President Francois Hollande said Tuesday he was willing to extend France's state of emergency for another six months following the Bastille Day massacre, as lawmakers prepared to debate the country's tough security laws.
French MPs will mull a fourth extension of the eight-month-old state of emergency, as criticism mounted of the Socialist government's response to a slew of extremist attacks.
Hollande had announced last Thursday a planned lifting of the measures imposed after the November Paris attacks that killed 130.
But he changed tack just hours later, after a truck driver ploughed through a crowd leaving a July 14 fireworks display in Nice, leaving 84 dead.
Hollande initially proposed a three-month extension but said Tuesday during a visit to Lisbon he was "open to a further extension of three months", making a total of six months.
His remarks were seen as a concession to the opposition Republicans, who have demanded that the state of emergency -- which gives the police extra powers to carry out searches and place people under house arrest -- be maintained through the end of the year.
With elections just around the corner, the political unity seen after last year's attack on satirical magazine Charlie Hebdo has evaporated.
And the Socialists have said they will draw the line at some of the opposition's more controversial demands.
Republicans leader and former president Nicolas Sarkozy, who is eyeing another run for the top job in 2017 elections, has called for anyone showing signs of being radicalised to be forced to wear an electronic tag, placed under house arrest or kept in a detention centre.
"We can't lock people up on the basis of mere suspicion, or suspicion of suspicion," minister for parliamentary relations Jean-Marie Le Guen retorted Tuesday.
The Paris prosecutor's office said Tuesday all 84 victims had finally been identified. Around 30 of the victims were Muslims, said an official from a regional representative body.
Five days after the attack, 70 people are still hospitalised, 19 in critical condition.
On Monday, investigators said that 31-year-old Mohamed Lahouaiej Bouhlel, who used a 19-tonne truck to mow the victims down, had shown "recent interest" in jihadist activity.
Authorities found "very violent" photos on his computer, of corpses, fighters posing with the IS flag, and photos of Al-Qaeda founder Osama bin Laden.
However Paris prosecutor Francois Molins said there was no direct evidence of the Tunisian's links to IS -- which has claimed him as one of their "fighters."
Tourism on the Cote d'Azur, where Nice -- France's second most-visited city after Paris -- is situated, has been battered by the attack.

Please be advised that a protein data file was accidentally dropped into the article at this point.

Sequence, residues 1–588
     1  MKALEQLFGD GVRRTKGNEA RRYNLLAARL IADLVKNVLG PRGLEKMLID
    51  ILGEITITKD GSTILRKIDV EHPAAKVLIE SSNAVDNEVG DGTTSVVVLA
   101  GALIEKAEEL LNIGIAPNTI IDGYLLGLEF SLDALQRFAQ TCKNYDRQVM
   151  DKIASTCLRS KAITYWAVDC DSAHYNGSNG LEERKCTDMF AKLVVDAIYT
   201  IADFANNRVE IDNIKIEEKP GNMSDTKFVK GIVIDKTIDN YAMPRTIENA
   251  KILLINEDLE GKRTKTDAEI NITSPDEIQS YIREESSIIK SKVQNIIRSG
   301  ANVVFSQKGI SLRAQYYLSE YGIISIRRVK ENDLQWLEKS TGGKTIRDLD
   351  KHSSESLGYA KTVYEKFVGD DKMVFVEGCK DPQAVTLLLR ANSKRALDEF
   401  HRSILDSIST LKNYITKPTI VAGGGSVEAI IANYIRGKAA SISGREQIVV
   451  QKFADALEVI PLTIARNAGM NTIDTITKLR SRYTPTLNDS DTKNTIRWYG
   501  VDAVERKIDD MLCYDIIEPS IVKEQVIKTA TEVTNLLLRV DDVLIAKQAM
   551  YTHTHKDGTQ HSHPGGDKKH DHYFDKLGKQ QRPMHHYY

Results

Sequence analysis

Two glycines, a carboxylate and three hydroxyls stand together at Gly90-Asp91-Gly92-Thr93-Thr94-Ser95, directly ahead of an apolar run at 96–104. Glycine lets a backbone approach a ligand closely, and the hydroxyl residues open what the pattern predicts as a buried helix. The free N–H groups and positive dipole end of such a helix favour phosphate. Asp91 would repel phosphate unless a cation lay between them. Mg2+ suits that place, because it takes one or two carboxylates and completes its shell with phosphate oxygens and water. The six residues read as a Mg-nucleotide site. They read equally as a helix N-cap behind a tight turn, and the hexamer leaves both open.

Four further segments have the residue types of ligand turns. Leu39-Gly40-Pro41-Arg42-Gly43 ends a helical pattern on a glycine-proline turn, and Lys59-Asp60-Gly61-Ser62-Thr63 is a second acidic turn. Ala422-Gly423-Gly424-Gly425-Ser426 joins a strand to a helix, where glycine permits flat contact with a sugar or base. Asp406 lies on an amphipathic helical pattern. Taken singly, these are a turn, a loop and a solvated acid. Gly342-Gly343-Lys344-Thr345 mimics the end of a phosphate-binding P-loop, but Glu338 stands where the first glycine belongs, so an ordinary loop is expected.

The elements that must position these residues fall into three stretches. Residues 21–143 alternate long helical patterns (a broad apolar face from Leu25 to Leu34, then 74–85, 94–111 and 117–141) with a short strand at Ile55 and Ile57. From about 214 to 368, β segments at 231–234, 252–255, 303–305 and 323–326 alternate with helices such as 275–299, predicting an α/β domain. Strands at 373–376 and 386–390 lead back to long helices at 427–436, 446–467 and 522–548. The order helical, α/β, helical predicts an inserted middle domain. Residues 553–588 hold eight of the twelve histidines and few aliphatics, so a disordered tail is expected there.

In Extenso tourism consultancy said hotel cancellation rates were running at 20-40 percent.
The aftershocks are being felt in the capital also, where the director of the luxury Plaza Athenee hotel told AFP the phone had been "ringing off the hook with cancellations for July, August and September".
Unlike the perpetrators of the Paris attacks, Bouhlel, a petty criminal with a history of violence and depression, did not travel to the Middle East for training or jihad.
Molins, the prosecutor, said IS's call for supporters to strike targets in France had emboldened some people to act "without needing to go to Syria and without precise orders".
Bouhlel had a history of violence, with a doctor he consulted in Tunisia as a youth describing him as having psychotic tendencies.
In March, he received a suspended sentence for "armed assault" after beating a driver with a nail-studded plank in an episode of road rage.
He showed no interest in religion until recently, Molins said, with acquaintances telling people he "ate pork, drank alcohol, took drugs and had an unbridled sexual activity".
However earlier this month, he stopped shaving his beard, telling friends it was for "religious" purposes.
Six people are still being held over the attacks, including a 38-year-old Albanian suspected of providing Bouhlel with a pistol he used to fire at the police who shot him dead.
In a sign of the mounting frustration over a string of extremists bombings, shootings and stabbings that have killed over 230 people in 18 months, Prime Minister Manuel Valls was booed and heckled on Monday at a remembrance ceremony in Nice.
Interior Minister Bernard Cazeneuve has pointed to several steps taken by the government to boost security, including sending thousands of troops into the streets.
"There is no zero risk," Cazeneuve said. "By saying this we are telling the truth to the French and tackling the threat with lucidity."